People have a growing appetite for creating, posting and interacting with video online, especially on mobile. Facebook, for instance, averages more than 3 billion video views per day—more than 65% of which happen on mobile. With just the swipe of a thumb, people have not only the power to control what content and advertising they view but also the power to decide how much attention they pay to that content. This environment of on-demand video consumption on mobile is compelling marketers to create impactful videos that deliver value. While the paradigm of content consumption has changed, marketers’ objectives have not.
As a step to better understand if video ads are changing people’s brand perceptions and purchase behaviors, the Facebook Marketing Science team commissioned Nielsen to analyze how Facebook video ads move brand metrics (Ad Recall, Brand Awareness and Purchase Consideration) in its BrandEffect database. What we learned is that every part of a video view—from initial impression to a complete view and everything in between—drives value.
We recently spoke with Brad Smallwood, who leads the Facebook Marketing Science team, and Nathan Davis, the Data Scientist who partnered with Nielsen on this study, to understand the methodology behind the analysis and what the results mean for marketers. Edited excerpts of our conversation follow.
Online video content is attracting the attention of advertisers, making it important to understand its impact on marketing. How is Facebook approaching this with measurement?
Brad: The goal of the Facebook Marketing Science team is to help advertisers understand consumer behavior on our platform and measure campaign performance in a scalable and scientific manner. As a company, we’re investing in our video products and we have generally seen good results from well-crafted campaigns with clear objectives. A past study explored what was the best use of video within a campaign and found that a combination of display ads and video ads together best drove business objectives for that advertiser. We can run these types of tests and studies to explore the effectiveness of video ads in driving important metrics like recall, awareness, consideration and, ultimately, sales.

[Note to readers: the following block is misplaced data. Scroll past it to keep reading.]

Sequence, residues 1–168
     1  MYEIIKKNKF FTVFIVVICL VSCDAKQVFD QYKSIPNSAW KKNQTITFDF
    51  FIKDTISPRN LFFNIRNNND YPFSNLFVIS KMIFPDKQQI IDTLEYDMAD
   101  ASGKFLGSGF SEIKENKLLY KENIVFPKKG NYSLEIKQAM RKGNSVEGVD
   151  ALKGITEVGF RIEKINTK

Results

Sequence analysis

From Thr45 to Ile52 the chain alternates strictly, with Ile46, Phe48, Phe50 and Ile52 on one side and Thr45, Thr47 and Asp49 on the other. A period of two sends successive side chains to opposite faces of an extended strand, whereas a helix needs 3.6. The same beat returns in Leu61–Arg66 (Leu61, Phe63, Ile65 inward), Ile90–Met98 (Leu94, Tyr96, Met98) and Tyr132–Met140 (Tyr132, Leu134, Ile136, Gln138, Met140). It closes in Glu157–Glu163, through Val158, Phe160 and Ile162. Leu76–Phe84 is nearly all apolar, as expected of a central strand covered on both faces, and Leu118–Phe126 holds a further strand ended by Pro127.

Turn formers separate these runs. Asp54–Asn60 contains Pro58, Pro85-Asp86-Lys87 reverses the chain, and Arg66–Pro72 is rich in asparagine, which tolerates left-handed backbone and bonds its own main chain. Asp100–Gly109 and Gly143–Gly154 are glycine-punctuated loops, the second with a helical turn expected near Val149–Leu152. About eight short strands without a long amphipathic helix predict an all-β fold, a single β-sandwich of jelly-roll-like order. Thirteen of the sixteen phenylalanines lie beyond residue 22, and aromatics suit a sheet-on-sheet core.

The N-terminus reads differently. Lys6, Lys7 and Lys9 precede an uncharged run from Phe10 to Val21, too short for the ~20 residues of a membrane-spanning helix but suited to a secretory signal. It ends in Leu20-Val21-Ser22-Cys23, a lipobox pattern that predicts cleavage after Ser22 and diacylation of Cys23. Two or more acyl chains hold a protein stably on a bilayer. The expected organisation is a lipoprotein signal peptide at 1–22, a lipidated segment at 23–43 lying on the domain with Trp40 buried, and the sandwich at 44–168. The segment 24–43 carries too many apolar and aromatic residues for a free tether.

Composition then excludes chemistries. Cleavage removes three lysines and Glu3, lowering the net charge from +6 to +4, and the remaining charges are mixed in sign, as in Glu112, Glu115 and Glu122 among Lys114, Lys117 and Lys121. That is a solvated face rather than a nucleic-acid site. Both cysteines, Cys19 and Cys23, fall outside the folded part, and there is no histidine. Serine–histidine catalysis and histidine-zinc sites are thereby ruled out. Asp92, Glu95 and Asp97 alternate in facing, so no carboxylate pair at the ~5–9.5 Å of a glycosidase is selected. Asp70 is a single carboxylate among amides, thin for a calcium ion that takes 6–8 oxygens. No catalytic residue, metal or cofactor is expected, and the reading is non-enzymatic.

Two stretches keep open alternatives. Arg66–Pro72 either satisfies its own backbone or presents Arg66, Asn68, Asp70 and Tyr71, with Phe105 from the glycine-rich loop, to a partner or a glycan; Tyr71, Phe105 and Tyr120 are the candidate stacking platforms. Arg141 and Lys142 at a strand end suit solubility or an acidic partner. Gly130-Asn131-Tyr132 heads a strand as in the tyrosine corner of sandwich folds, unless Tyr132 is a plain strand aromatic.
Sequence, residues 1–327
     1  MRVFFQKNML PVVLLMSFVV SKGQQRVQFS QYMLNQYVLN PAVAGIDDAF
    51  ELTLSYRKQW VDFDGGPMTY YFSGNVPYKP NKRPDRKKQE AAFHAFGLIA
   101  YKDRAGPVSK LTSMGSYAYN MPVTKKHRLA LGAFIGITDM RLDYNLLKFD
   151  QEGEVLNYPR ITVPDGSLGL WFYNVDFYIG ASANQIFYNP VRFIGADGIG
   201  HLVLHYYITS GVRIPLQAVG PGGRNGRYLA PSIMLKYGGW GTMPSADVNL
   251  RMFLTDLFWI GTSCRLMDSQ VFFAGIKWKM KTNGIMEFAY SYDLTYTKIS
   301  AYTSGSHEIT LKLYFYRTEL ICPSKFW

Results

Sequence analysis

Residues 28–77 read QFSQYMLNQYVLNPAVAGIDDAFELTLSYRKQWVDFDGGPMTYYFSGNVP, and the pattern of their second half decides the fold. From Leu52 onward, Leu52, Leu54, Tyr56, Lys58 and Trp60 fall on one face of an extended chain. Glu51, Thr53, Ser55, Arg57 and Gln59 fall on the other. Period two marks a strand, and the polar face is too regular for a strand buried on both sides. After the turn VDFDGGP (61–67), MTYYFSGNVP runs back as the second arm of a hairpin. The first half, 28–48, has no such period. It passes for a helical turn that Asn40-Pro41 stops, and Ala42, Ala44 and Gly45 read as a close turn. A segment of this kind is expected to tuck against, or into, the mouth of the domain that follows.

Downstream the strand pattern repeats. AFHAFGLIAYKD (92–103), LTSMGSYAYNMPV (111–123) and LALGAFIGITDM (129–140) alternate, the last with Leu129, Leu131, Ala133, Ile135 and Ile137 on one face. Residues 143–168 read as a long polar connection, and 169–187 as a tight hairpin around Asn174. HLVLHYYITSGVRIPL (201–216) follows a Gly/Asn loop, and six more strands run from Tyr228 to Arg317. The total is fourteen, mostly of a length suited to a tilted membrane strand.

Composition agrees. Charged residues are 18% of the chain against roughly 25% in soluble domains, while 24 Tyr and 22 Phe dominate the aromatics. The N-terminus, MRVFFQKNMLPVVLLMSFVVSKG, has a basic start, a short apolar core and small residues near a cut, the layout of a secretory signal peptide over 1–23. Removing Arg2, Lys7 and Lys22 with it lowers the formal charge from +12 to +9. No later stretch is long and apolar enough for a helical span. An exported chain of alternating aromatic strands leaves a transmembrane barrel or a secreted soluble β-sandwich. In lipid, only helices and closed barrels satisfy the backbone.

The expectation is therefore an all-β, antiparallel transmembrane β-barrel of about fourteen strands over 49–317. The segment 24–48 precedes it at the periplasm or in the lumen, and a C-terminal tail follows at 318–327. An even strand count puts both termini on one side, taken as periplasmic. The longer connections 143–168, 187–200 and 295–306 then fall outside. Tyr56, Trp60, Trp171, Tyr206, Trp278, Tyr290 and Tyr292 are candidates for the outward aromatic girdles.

We know from experience that ad delivery technology and changing consumer behavior, like shorter video views because of mobile, can add complexities in measuring performance accurately. We are building solutions like the conversion lift testing product to enable advertisers to measure for themselves what works. These measurement studies are not only helping individual advertisers learn about their campaigns, they are also informing us on ways to evaluate and develop solutions for our clients.
In this newest study with Nielsen, we explore how Facebook video ad formats deliver value. We were excited to release these results at the Advertising Research Foundation (ARF) conference, Re: Think 2015, in March.
In working with Nielsen for this analysis, what was the approach to this research?
Nathan: Our analysis was shaped by questions from our advertisers. One of the primary things they wanted to know was how successful Facebook video ads deliver value and the amount of time it takes to do so. With that scope in mind, Nielsen looked at its database of BrandEffect studies for Facebook video and identified those that included video ads within their marketing campaigns that ran both inside and outside the US, as we believed the results should be applicable globally. In the end, the analysis was comprised of 173 BrandEffect global studies between mid-December 2014 and mid-February 2015. Since we wanted to understand successful campaigns, we then filtered the selected studies for those campaigns that had lift across Ad Recall, Brand Awareness and Purchase Consideration; for example, we used only studies with statistically significant lift in Brand Awareness for the Brand Awareness portion of our analysis.
Are there complexities in measuring video’s impact?
Nathan: Yes, definitely. In the case of this video analysis, it is not possible to randomly assign people to watch different lengths of a video. People choose whether to engage with the content. Typically, in Marketing Science, we rely on randomization to ensure that everything is the same between the test and control groups except the one treatment/stimulus. Then we measure the differences in attitudes (aka lift), which is basically an estimate of how much an ad changed a person’s perception of a brand.